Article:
From the stjude.org web site:
More than 50 years ago, Danny Thomas, then a struggling young entertainer with $7 in his pocket, knelt in a Detroit church before a statue of St. Jude Thaddeus, the patron saint of hopeless causes. Thomas asked the saint to “show me my way in life.”
His prayer was answered, and soon he moved his family to Chicago to pursue career offers. A few years later, at another turning point in his life, Thomas again prayed to St. Jude and pledged to someday build a shrine to the saint.
Throughout the next years, Thomas’ career prospered through films and television, and he became a nationally known entertainer. He remembered his pledge to build a shrine to St. Jude.
In the early 1950s, Thomas began discussing with friends what concrete form his vow might take. Gradually, the idea of a children’s hospital, possibly in Memphis, took shape. In 1955, Thomas and a group of Memphis businessmen who had agreed to help support his dream seized on the idea of creating a unique research hospital devoted to curing catastrophic diseases in children. More than just a treatment facility, this would be a research center for the children of the world.
Thomas had started raising money for his vision of St. Jude in the early 1950s. By 1955, the local business leaders who had joined his cause began area fund-raising efforts, supplementing Thomas’ benefit shows that brought scores of major entertainment stars to Memphis. Often accompanied by his wife, Rose Marie, Thomas crisscrossed the United States by car talking about his dream and raising funds at meetings and benefits. The pace was so hectic that Thomas and his wife once visited 28 cities in 32 days. Although Thomas and his friends raised the money to build the hospital, they now faced the daunting task of funding its annual operation.
To solve this problem, Thomas turned to his fellow Americans of Arabic-speaking heritage. Believing deeply that Arabic-speaking Americans should, as a group, thank the United States for the gifts of freedom given their parents, Thomas also felt the support of St. Jude would be a noble way of honoring his immigrant forefathers who had come to America.
Thomas' request struck a responsive chord. In 1957, 100 representatives of the Arab-American community met in Chicago to form ALSAC—the American Lebanese Syrian Associated Charities—with the sole purpose of raising funds for the support of St. Jude Children’s Research Hospital.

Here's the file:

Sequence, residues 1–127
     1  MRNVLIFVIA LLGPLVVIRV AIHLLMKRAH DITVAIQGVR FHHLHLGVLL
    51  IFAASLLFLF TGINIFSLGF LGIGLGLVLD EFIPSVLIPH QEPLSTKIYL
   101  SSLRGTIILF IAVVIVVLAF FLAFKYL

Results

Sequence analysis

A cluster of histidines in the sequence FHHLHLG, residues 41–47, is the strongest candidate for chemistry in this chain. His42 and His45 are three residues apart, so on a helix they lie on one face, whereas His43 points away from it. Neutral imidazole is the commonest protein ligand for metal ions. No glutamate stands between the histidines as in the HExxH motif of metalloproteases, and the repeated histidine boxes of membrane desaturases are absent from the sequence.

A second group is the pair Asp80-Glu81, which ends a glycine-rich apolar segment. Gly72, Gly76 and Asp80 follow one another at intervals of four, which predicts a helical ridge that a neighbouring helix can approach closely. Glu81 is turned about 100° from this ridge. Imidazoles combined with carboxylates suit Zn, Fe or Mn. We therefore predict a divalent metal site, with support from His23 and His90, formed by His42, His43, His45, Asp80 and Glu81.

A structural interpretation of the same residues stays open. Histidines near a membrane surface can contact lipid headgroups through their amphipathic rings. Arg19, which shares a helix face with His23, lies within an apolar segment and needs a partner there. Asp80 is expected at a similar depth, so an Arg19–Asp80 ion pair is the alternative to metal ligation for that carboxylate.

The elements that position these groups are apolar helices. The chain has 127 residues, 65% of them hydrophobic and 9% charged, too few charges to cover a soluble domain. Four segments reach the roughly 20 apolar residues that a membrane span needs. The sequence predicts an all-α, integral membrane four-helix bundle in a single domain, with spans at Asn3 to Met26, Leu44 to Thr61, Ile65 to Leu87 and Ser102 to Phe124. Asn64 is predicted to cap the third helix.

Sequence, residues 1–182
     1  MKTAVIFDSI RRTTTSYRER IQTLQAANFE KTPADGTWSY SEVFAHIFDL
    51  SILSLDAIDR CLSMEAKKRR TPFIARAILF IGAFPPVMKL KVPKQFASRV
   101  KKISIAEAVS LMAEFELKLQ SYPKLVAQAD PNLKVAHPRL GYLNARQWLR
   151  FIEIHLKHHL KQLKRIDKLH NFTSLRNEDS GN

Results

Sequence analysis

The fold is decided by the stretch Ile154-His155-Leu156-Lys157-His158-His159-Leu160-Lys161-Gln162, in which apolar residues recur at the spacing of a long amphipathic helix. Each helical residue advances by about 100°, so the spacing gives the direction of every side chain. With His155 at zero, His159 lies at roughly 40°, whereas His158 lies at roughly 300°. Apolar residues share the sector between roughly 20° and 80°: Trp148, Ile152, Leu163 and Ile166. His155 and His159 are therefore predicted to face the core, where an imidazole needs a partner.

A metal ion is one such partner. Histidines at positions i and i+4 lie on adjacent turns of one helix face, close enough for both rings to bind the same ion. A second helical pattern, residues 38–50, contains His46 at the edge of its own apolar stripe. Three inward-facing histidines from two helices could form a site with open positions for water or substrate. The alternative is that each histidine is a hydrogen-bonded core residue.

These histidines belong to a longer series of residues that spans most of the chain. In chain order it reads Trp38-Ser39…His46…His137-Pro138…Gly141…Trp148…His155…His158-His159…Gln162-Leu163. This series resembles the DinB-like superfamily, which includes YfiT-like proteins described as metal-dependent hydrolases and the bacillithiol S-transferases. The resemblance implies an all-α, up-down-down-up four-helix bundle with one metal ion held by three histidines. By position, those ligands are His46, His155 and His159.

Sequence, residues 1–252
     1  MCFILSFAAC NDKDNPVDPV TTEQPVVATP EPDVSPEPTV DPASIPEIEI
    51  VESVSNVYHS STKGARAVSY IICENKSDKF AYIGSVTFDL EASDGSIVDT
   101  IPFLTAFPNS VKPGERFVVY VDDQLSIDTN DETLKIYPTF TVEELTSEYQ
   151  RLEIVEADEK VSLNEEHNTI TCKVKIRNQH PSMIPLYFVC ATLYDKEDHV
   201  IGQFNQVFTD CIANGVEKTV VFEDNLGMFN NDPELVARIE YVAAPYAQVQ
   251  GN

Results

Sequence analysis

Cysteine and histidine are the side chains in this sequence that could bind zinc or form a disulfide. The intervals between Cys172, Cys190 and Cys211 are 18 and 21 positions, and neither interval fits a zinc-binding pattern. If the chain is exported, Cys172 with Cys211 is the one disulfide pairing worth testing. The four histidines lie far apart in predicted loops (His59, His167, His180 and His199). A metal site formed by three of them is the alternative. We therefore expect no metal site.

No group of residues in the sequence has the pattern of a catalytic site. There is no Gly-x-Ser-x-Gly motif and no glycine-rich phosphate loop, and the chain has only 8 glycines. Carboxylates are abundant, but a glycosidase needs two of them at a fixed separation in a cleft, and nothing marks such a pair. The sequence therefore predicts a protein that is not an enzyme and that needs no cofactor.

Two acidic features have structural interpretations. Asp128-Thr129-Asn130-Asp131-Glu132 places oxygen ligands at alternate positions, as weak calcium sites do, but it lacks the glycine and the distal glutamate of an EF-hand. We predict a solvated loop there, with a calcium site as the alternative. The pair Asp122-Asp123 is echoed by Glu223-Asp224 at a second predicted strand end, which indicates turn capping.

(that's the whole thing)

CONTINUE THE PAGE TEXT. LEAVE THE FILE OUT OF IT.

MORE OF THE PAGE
Since that time, this group, with national headquarters in Memphis and regional offices throughout the United States, has assumed full responsibility for all the hospital’s fund-raising efforts, raising millions annually through benefits and solicitation drives among Americans of all ethnic, religious and racial backgrounds. Today, ALSAC is America’s third-largest health-care charity and is supported by the efforts of more than 1 million volunteers nationwide.
Danny's Dream-St. Jude Children’s Research Hospital—opened its doors in 1962 and is now recognized as one of the world’s premier centers for study and treatment of catastrophic diseases in children. Focusing on pediatric leukemias, solid tumor forms of cancer, infectious diseases and biomedical research, during its first decade of existence, the hospital’s curative therapies and research successes spread its fame worldwide and helped save the lives of innumerable children everywhere.
Today's basic and clinical research at St. Jude includes work in bone marrow transplantation, gene therapy, chemotherapy, the biochemistry of normal and cancerous cells, radiation treatment, blood diseases, resistance to therapy, viruses, hereditary diseases, infectious diseases, and psychological effects of catastrophic illnesses. Now blessed with the first sizable population of adults living cancer free after having received chemotherapy and radiation treatments as children, the hospital stays in touch with these former patients in order to conduct long-term biostatistical investigations on the history of their health. Potential secondary problems related to their disease treatment could result in chemotherapy and radiation adjustments that improve the life of future children diagnosed with cancer.
St. Jude has treated children from across the United States and from more than 80 foreign countries. All were accepted by physician referral because the children had newly diagnosed diseases that were under research at St. Jude. Ability to pay has not been an issue for admittance for one single patient. St. Jude is the only pediatric research center where families never pay for treatment not covered by insurance, and families without insurance are never asked to pay.
Through striking improvements in the care of pediatric leukemias and numerous forms of solid tumors, Thomas’ “little hospital in Memphis”—which now has daily operating costs of $1,027,832—has brought about improved health care for children all over the world.
From a promise of "Show me my way in life and I will build you a shrine" to the fulfillment of his dream, Danny Thomas lived to see his little hospital become a beacon of hope for the catastrophically ill children of the world. The founder of St. Jude Children’s Research Hospital and ALSAC died on February 6, 1991, just two days after joining patients, parents and employees to celebrate the hospital’s 29th anniversary. He was laid to rest in a family crypt at the Danny Thomas / ALSAC Pavilion on the grounds of the hospital. On July 12, 2000, his wife, Rose Marie, passed away and now lies with her beloved husband in the hospital’s Danny and Rose Marie Thomas Memorial Garden. Today, their children, Marlo, Terre and Tony, carry on their parents’ work and remain a driving force in fulfilling their father’s mission. Danny is gone, but his dream lives on.